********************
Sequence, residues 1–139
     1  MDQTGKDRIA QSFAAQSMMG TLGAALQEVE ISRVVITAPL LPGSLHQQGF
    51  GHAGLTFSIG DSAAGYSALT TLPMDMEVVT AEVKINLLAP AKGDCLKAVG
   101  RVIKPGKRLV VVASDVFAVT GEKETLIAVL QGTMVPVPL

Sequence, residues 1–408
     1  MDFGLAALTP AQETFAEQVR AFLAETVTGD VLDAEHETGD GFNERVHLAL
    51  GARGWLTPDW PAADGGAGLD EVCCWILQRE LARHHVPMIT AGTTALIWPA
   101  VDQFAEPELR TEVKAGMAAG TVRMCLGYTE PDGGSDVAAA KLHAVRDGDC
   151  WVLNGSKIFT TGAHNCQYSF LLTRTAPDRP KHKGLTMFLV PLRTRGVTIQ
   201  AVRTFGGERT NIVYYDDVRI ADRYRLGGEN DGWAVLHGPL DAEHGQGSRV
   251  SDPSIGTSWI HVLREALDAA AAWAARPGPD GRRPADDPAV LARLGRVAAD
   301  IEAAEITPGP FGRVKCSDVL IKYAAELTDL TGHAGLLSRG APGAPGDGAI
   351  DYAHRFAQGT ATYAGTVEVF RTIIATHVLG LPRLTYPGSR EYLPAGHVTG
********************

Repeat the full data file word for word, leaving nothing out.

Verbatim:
Sequence, residues 1–139
     1  MDQTGKDRIA QSFAAQSMMG TLGAALQEVE ISRVVITAPL LPGSLHQQGF
    51  GHAGLTFSIG DSAAGYSALT TLPMDMEVVT AEVKINLLAP AKGDCLKAVG
   101  RVIKPGKRLV VVASDVFAVT GEKETLIAVL QGTMVPVPL

Sequence, residues 1–408
     1  MDFGLAALTP AQETFAEQVR AFLAETVTGD VLDAEHETGD GFNERVHLAL
    51  GARGWLTPDW PAADGGAGLD EVCCWILQRE LARHHVPMIT AGTTALIWPA
   101  VDQFAEPELR TEVKAGMAAG TVRMCLGYTE PDGGSDVAAA KLHAVRDGDC
   151  WVLNGSKIFT TGAHNCQYSF LLTRTAPDRP KHKGLTMFLV PLRTRGVTIQ
   201  AVRTFGGERT NIVYYDDVRI ADRYRLGGEN DGWAVLHGPL DAEHGQGSRV
   251  SDPSIGTSWI HVLREALDAA AAWAARPGPD GRRPADDPAV LARLGRVAAD
   301  IEAAEITPGP FGRVKCSDVL IKYAAELTDL TGHAGLLSRG APGAPGDGAI
   351  DYAHRFAQGT ATYAGTVEVF RTIIATHVLG LPRLTYPGSR EYLPAGHVTG